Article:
Dana Marlow, Ph.D., associate clinical professor of social work, joined Acevedo in lecturing and Nancy Wackstein, GSS director of community engagement and partnerships, helped coordinate site visits on both sides of the Atlantic.
“Most of the U.S. social welfare history traces back to England, starting with the poor laws from the Elizabethan era,” said Acevedo.
England gave rise to two traditions that would become the basis of social work as a profession: the charity organization societies and the settlement houses. Settlement Houses were created as a new way to care for the underserved: activists “settled in” to live among the poor, better understand their needs, and to help out.
The charity organizations promoted the casework tradition, where social workers would come into the community as day workers to assist individual clients. The settlement house tradition sprung from religious ethos at the Universities of Oxford and Cambridge. Students from the universities were recruited to live in the communities they served.
“The brilliance was that it was the first innovation as a community-based practice model where practitioners would live among the population,” said Acevedo.
Among the first settlement houses were Toynbee Hall and Oxford House, both of which Fordham students visited during their trip to London this past June. The first populations that Toynbee served were Jewish and other immigrant populations; now it primarily serves a Bangladeshi population. The students also visited a local mosque with robust community programming.
Acevedo said that he was very interested in highlighting for the students the role that universities and faith-based institutions played in social welfare and reform, and also in seeing how institutions and professions adapted to changing populations and contexts.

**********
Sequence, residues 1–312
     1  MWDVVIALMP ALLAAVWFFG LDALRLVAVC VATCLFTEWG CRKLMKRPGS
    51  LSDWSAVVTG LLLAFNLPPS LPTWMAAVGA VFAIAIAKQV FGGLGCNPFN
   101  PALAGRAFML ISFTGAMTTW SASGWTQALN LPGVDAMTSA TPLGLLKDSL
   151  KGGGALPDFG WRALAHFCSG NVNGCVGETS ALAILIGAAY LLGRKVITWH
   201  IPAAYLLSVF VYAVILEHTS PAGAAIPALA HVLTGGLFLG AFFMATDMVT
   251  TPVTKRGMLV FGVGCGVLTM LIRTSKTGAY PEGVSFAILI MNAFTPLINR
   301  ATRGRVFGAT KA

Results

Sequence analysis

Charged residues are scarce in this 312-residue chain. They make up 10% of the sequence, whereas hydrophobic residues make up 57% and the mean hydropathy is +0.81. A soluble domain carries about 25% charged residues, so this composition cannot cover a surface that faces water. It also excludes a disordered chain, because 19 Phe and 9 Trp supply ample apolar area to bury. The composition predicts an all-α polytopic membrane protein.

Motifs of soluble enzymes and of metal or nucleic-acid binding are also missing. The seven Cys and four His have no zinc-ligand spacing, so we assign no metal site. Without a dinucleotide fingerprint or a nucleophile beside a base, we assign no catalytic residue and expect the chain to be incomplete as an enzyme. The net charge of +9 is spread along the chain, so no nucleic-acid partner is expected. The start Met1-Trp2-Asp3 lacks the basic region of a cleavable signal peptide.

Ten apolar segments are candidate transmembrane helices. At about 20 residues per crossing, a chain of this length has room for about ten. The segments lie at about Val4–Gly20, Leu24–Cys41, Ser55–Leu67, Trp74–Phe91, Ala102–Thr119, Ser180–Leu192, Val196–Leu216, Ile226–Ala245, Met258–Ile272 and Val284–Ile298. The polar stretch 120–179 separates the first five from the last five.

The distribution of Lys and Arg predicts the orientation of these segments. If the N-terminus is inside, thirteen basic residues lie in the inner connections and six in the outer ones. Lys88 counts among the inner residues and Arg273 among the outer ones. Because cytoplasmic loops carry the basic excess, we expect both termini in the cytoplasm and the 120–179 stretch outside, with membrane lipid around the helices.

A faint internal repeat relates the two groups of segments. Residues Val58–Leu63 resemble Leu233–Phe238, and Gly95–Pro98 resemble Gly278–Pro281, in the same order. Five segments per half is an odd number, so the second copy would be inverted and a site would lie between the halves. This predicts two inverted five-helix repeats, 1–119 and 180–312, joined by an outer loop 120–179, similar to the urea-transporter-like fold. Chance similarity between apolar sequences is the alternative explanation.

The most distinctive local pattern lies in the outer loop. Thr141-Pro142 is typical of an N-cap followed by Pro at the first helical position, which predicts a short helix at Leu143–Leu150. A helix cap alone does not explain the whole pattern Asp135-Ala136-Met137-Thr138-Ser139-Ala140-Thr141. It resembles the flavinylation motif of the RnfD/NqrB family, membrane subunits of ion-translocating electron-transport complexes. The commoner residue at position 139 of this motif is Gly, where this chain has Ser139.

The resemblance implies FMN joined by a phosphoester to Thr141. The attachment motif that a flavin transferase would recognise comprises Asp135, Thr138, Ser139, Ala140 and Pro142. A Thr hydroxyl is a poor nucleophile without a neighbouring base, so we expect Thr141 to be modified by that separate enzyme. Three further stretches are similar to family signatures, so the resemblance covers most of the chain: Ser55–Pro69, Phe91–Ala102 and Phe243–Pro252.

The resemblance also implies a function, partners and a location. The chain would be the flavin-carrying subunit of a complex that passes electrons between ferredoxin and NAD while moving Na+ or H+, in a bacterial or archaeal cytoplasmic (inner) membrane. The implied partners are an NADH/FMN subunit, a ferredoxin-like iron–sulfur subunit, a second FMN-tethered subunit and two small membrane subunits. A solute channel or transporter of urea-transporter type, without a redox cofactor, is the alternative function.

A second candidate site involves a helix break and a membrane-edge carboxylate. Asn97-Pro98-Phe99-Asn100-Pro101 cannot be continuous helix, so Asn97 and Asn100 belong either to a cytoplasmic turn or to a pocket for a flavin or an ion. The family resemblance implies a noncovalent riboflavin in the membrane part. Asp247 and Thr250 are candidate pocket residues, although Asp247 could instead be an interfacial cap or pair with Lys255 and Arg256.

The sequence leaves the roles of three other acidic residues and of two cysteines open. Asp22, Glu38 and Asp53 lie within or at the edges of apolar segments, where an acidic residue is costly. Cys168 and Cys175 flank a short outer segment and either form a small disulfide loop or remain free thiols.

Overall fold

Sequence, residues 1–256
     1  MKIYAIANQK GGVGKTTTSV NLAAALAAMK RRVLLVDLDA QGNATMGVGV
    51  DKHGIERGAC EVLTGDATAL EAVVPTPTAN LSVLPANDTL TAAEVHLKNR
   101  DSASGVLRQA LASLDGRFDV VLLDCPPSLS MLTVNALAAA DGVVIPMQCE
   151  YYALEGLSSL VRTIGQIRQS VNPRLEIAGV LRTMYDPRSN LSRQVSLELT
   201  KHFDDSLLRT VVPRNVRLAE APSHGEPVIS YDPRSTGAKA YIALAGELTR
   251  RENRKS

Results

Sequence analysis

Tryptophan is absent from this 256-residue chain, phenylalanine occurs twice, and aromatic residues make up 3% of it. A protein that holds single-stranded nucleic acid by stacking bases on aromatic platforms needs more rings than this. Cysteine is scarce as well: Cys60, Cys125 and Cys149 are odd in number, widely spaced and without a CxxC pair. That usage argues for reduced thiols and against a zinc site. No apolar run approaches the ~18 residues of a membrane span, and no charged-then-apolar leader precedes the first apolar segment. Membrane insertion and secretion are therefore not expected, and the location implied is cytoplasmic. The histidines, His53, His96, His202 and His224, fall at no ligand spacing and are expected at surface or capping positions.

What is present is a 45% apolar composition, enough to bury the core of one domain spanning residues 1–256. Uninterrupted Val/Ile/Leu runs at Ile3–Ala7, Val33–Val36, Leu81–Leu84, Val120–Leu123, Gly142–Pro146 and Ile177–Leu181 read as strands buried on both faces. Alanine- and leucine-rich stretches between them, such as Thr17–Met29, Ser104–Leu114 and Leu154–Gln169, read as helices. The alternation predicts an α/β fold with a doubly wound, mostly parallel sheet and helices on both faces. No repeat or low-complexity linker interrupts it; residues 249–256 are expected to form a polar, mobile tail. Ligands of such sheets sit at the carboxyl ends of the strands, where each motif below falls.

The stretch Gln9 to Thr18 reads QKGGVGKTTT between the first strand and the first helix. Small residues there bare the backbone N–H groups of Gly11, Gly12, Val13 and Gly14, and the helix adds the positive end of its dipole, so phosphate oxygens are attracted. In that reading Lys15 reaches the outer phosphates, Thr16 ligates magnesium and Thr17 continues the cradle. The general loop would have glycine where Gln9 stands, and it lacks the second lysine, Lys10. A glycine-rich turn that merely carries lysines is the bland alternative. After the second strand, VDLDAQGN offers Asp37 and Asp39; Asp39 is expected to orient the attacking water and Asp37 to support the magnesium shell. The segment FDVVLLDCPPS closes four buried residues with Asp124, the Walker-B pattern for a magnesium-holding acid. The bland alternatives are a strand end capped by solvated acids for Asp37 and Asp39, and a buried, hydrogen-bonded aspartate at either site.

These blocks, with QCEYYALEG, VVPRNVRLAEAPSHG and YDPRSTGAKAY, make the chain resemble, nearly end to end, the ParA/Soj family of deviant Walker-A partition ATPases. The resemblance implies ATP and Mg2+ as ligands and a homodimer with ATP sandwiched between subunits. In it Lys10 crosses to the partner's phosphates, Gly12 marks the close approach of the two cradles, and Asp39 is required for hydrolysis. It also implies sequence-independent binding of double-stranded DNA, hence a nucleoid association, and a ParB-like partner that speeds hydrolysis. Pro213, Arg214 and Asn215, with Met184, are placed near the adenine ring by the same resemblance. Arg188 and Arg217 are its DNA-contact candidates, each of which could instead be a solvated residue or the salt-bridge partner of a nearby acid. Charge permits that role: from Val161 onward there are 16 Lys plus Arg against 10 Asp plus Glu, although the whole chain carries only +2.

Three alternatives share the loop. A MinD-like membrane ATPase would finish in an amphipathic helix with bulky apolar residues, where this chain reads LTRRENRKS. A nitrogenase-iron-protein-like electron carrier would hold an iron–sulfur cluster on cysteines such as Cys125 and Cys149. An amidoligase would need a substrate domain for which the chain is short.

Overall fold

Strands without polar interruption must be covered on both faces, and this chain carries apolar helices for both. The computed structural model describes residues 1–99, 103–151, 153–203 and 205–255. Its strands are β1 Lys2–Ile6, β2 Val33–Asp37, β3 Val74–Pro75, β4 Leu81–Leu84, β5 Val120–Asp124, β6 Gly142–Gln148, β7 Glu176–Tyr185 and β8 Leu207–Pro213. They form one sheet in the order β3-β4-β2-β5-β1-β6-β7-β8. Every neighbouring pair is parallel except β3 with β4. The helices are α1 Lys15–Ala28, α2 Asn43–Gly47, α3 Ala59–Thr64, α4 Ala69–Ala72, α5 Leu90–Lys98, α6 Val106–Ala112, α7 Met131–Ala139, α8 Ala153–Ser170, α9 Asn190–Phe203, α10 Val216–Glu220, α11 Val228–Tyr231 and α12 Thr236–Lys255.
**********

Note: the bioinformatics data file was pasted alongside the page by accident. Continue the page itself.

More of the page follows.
“I wanted them to see new school approaches as well,” said Acevedo.
Students met with CEOs from both of the London settlement houses they visited “to look at the dollars and cents as well the programming,” he said, adding that even some of the most established settlement houses have closed over the years.
“Settlements houses have changed the type of services they offered over the years, but places like Toynbee Hall continue to work on national and local policy, as they always have,” he said.
He added that after more than a century, Oxford House nearly closed too. But the organization recently turned a corner by introducing social enterprise components and other innovations to their business model. The difference between the physical plants of Toynbee and Oxford was stark. Students visited Toynbee’s sleek offices and then saw buckets catching leaking water at Oxford House.
But as Oxford House is located in the increasingly gentrified Bethnal Green neighborhood (a 15-minute taxi from Fordham’s new Clerkenwell campus), the organization plans to open a café and pub that will fund their nonprofit efforts. Likewise, students also learned of Coin Street Community Builders, whose properties near the Tate Modern museum have allowed that settlement house to create a community development corporation with big time real estate investments—to say nothing of the gastro pub near the National Theater, which left students’ “jaws dropping.”
“These organizations are really old, but not dead,” said Acevedo. “They’re living breathing organizations that have changed dramatically.”